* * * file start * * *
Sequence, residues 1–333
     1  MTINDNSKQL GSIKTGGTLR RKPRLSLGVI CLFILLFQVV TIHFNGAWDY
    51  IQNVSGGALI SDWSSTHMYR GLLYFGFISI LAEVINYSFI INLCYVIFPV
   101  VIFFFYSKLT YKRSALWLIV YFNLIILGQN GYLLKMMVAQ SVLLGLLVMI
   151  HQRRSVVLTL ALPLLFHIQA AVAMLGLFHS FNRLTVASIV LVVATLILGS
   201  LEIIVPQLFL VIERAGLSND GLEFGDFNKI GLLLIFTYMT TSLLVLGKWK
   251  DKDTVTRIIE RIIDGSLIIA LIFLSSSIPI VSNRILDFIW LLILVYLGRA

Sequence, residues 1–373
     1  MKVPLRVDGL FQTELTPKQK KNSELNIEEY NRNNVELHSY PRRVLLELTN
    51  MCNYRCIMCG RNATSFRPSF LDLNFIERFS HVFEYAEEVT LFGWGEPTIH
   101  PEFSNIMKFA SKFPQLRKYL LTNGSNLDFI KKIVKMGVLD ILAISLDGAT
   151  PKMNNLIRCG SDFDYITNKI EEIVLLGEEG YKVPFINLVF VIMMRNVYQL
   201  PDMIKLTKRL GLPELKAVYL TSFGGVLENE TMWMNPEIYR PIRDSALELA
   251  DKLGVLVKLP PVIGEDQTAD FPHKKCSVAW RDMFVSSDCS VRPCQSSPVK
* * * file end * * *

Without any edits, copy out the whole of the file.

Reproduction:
Sequence, residues 1–333
     1  MTINDNSKQL GSIKTGGTLR RKPRLSLGVI CLFILLFQVV TIHFNGAWDY
    51  IQNVSGGALI SDWSSTHMYR GLLYFGFISI LAEVINYSFI INLCYVIFPV
   101  VIFFFYSKLT YKRSALWLIV YFNLIILGQN GYLLKMMVAQ SVLLGLLVMI
   151  HQRRSVVLTL ALPLLFHIQA AVAMLGLFHS FNRLTVASIV LVVATLILGS
   201  LEIIVPQLFL VIERAGLSND GLEFGDFNKI GLLLIFTYMT TSLLVLGKWK
   251  DKDTVTRIIE RIIDGSLIIA LIFLSSSIPI VSNRILDFIW LLILVYLGRA

Sequence, residues 1–373
     1  MKVPLRVDGL FQTELTPKQK KNSELNIEEY NRNNVELHSY PRRVLLELTN
    51  MCNYRCIMCG RNATSFRPSF LDLNFIERFS HVFEYAEEVT LFGWGEPTIH
   101  PEFSNIMKFA SKFPQLRKYL LTNGSNLDFI KKIVKMGVLD ILAISLDGAT
   151  PKMNNLIRCG SDFDYITNKI EEIVLLGEEG YKVPFINLVF VIMMRNVYQL
   201  PDMIKLTKRL GLPELKAVYL TSFGGVLENE TMWMNPEIYR PIRDSALELA
   251  DKLGVLVKLP PVIGEDQTAD FPHKKCSVAW RDMFVSSDCS VRPCQSSPVK